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  1. Scott Beavers

    Top of page 4: chart is labeled “Forward” PE Ratios when it is actually “Trailing”. Article presents a plausible thesis but the reasons for labeling and discarding “anomalous” instances are largely unexplained and lead to results that can be suspect due to a data selection bias. Further, how do we know at present that we are not in an “anomalous” cycle?

    1. James A. Kostohryz Post author

      Thanks, Scott.

      Will correct that.

      I did say in the original Seeking Alpha article why I excluded the data from those periods. In the first period, it was due to high inflation which distorts earnings and also the fair value PE multiple. The second was also discarded due to high inflation AND the fact that there was no “mid-cycle” during that short recovery (followed by a double dip). Note that PEs in both of these anomalous periods were very low suggesting that if they were not anomalous periods, the market for virtually all of the rest of US market history was grossly overvalued.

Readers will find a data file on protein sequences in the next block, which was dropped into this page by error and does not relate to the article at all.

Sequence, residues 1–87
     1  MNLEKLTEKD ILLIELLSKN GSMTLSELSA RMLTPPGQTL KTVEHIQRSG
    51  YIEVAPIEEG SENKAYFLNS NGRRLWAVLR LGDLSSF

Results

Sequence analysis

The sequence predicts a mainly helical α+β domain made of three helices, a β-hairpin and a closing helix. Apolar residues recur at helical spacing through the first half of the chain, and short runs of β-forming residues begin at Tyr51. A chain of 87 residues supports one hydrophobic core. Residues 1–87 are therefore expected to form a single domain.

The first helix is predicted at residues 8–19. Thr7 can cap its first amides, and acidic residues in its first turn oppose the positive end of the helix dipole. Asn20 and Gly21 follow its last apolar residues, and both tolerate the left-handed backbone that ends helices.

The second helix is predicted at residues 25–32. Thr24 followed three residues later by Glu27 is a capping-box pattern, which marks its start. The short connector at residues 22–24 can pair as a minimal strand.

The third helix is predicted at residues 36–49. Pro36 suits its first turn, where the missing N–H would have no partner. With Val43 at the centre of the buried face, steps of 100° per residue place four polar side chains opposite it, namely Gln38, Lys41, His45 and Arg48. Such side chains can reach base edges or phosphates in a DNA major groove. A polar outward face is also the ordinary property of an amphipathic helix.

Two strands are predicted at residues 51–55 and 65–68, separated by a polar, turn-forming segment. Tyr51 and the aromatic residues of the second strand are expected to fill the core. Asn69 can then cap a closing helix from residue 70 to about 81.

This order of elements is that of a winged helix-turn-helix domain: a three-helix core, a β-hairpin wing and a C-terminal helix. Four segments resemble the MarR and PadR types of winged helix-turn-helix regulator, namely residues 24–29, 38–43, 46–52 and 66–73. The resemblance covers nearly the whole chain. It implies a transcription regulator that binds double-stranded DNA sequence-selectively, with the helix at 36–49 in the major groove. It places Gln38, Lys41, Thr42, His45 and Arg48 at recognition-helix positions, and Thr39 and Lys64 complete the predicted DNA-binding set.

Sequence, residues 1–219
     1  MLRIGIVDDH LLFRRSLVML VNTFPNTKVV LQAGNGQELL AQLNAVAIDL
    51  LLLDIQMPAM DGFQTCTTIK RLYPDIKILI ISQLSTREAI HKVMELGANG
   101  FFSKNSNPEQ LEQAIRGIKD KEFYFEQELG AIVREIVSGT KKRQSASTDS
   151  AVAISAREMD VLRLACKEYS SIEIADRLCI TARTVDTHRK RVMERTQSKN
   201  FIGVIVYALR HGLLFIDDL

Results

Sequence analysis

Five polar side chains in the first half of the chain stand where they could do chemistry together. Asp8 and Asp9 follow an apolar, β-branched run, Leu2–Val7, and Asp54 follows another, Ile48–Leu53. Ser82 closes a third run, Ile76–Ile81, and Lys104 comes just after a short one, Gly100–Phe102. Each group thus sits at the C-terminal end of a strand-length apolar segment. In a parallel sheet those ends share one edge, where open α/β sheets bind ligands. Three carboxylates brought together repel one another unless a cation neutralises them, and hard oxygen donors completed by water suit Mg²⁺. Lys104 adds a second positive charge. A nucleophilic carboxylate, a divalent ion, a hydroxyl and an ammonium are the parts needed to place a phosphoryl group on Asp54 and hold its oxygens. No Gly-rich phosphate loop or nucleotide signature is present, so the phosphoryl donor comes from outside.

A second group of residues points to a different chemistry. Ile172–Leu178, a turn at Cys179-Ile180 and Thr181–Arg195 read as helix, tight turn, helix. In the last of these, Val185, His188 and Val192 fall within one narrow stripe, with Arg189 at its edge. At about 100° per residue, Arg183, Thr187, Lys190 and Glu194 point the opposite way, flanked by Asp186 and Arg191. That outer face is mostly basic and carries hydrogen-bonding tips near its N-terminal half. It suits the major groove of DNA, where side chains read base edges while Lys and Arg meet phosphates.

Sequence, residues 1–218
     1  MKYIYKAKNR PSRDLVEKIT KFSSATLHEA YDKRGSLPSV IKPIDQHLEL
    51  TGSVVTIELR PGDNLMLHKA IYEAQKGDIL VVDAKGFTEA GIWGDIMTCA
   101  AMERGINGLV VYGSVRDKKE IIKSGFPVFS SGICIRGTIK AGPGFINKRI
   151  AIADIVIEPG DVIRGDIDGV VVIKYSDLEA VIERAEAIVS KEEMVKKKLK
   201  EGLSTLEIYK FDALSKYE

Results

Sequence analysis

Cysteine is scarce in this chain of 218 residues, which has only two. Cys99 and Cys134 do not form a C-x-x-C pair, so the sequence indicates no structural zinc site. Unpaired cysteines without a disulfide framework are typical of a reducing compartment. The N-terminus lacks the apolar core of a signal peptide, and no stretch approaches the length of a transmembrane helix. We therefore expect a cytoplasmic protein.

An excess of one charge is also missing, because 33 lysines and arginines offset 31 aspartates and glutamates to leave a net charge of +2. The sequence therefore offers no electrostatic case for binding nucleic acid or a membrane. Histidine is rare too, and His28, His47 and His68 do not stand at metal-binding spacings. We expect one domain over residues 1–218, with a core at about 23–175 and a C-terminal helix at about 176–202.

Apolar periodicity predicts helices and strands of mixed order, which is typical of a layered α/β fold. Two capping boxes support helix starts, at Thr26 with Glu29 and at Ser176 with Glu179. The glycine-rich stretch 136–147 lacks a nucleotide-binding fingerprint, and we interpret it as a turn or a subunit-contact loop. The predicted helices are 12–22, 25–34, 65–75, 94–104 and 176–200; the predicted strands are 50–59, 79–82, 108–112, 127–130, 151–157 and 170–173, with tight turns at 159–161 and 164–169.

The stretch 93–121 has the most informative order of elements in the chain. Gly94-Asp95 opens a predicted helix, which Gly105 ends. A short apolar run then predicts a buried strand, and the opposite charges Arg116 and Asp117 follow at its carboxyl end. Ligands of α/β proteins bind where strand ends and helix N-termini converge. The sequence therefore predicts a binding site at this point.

The third was the bubble period of 1998-2000. I explicitly say that we MIGHT head into another anomalous bubble period and, if so, PEs can continue to expand. The conclusion is that you should probably only be long stocks if you expect a bubble to inflate, similar to 1998-2000.

      I understand your concern about data selection bias. However, I think that perhaps most people could agree on the logic behind my sorting of the data and I did lay out that reasoning, if only briefly.


      1. Scott Beavers

        I didn’t thoroughly connect the two articles. I believe your considerations are valid as 1) we are not in a high-inflation environment so it’s fair to exclude those cycles at this juncture and 2) your point that PEs during those cycles were anomalously low so they more generally deserve outlier attribution. As usual, you’ve provided a very probative analysis.